As I said in my first post, I read quite a bit and am not at all picky about it. That said, not everything I read pleases me, and it doesn’t matter if the book is classic, critically acclaimed, or otherwise, if it Pisses Me Off it gets chucked against a wall. I already related that this was the unhappy fate of The Scarlet Letter, Nathaniel Hawthorne’s immortal tale of hypocrisy and penance. Sorry, I just thought it sucked. I disagreed with it on so many levels I honestly don’t know where to begin. Granted, I was a mere eighteen at the time, but age hasn’t mellowed my disdain by an ounce. Little Pearl makes the case for why children need to be spanked. I HATED that kid. I mean, dear old Reverend Dimmsdale finally grows a pair and asks long-suffering Hester to leave town with him, to which she gladly agrees… until this kid opens its spiteful little mouth and basically disowns Mommy for having the nerve to be happy. And Hester AGREES with her? HELLO, who is the parent here? I admit I am NOT a mother, but if my theoretical progeny started trying to tell me how to live my life, said progeny would assuredly be put in its place. So anyway, Hester puts her twee little bonnet back on and makes a sad face and tells Dimmsdale no, and then her kid gets all happy again, grows up and lives a real life, while Hester molders to death in her lonely hovel of Fail. Okay, what is Hawthorne trying to say here? That redemption is for sissies? That a single happenstance of Fail defines one for eternity (and don’t bother to try to get past it, just keep wearing that hair shirt until you die)? The minute the bonnet went back on… well, as soon as I picked my outraged jaw up off the floor, the book got hurled against a concrete dorm wall with considerable force. The Indians would have been glad to sign me, girl or not, that day.
My problem with most of the books which become my Wallbangers is usually what my favorite Lit prof called “thematic implications.” I have a tendency to get affronted on a personal level when a work’s theme comes off as heavy-handed, arbitrary, or condemnatory. For example, compare Hester Prynne to Scarlett O’Hara. While Margaret Mitchell’s Scarlett didn’t get a happy ending either, in no way would a reader believe that her losses at the end of Gone With the Wind would break her. Like Scarlett, Hester is initially presented as a woman of backbone under duress, and the manner in which Hawthorne suddenly robs her of all dignity in the forest scene is completely arbitrary and seems to have been done with no more clear purpose than the intentions of a malicious child pulling wings off flies. Hester at this plot point becomes the trope known as “The Chew Toy”– a character an author piles misery upon for no apparent reason other than to make said character suffer. Scarlett O’Hara was nobody’s chew toy. Like Hester, everything that happened to her was her own fault, and also like Hester, she learned from it, but a character of substance isn’t going to go wallow in a masochistic orgy of self-flagellation for the rest of her days. Um, what would be the point? The point I took away from The Scarlet Letter was that we are defined by our mistakes, not by our inner strength. Book hits wall. THWACK.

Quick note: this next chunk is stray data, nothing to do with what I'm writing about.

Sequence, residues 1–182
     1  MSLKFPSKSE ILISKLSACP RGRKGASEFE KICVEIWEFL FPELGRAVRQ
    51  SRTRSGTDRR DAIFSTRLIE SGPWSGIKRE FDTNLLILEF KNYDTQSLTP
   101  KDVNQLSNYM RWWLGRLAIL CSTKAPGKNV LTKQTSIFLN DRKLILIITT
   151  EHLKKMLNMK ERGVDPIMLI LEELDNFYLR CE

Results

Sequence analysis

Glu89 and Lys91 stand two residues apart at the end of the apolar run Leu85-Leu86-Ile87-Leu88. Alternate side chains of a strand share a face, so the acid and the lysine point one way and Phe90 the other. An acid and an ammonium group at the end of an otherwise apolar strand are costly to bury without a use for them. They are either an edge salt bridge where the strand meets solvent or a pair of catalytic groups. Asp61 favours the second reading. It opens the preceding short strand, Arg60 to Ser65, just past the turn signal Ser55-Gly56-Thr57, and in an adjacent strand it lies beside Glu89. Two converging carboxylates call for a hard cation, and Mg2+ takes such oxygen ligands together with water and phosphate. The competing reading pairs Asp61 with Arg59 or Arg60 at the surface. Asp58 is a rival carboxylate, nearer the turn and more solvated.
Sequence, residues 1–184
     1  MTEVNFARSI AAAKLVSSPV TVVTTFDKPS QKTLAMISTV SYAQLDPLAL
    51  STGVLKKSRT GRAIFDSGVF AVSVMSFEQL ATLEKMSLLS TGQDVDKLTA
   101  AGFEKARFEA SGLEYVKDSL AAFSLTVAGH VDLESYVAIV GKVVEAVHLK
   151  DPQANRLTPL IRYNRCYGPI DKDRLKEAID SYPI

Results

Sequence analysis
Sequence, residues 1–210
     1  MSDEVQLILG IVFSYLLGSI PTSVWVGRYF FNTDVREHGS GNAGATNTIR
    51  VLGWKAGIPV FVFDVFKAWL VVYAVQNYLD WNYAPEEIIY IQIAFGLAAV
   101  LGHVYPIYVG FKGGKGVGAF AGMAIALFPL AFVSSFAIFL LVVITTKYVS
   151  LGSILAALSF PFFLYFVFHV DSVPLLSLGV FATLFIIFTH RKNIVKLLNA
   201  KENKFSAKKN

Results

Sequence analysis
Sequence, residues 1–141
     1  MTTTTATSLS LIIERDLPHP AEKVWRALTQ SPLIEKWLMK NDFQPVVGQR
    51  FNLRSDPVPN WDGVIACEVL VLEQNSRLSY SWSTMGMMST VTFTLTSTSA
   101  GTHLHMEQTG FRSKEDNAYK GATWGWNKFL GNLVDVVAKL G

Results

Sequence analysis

My book-pitching hasn’t been limited to the works of Hawthorne. If memory serves, all of the following books have met walls of various forms at my hands:
- Madame Bovary. Concrete block dorm wall, approximately a year later. Emma Bovary needed a Sassy Gay Friend, for she was a stupid biotch.
- The Stand. Drywall, causing a small dent. Stephen King has often said he has no control over who dies and who doesn’t in his books, but killing off Larry after over a thousand pages of his being more sympathetic than Saint Stu just plain made me mad. Baby, Can You Dig Your Man, indeed. Dig him a six-foot GRAVE!!!! Boo, hiss is all I have to say about that.
- The Awakening. Concrete block dorm wall again. Seriously, Kate Chopin treated her heroine no better than Flaubert treated his, and to the same end. Let’s have a suicide party! Emma Bovary, you bring the drugs, then we’ll all go for a swim! How is this supposed to be an enlightened feminist treatise when the main character offs herself?
- Cold Mountain. Aimed at drywall, hit a window fan, causing damage to book. Did not care. The anticlimactic ending is pure emotional manipulation. Basically, “And then he died.” Meant to evoke gales of tears; wrenched from me an Oh, REALLY? What a cop-out.
- The Horse Whisperer. Tile bathroom wall, reading in the tub. See Cold Mountain as to why.
I’m sure there are more; those are just the ones that come to mind right now. Feel free to disagree.